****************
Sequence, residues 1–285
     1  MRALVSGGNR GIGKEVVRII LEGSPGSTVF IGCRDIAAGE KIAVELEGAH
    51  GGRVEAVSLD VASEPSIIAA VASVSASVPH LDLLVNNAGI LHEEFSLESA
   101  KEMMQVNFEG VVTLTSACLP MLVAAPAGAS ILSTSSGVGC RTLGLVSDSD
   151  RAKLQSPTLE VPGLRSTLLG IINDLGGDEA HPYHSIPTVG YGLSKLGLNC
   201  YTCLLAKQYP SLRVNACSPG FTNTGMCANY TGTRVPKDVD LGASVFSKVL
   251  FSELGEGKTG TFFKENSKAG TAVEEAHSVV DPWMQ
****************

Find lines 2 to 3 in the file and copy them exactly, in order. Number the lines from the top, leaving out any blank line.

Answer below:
     1  MRALVSGGNR GIGKEVVRII LEGSPGSTVF IGCRDIAAGE KIAVELEGAH
    51  GGRVEAVSLD VASEPSIIAA VASVSASVPH LDLLVNNAGI LHEEFSLESA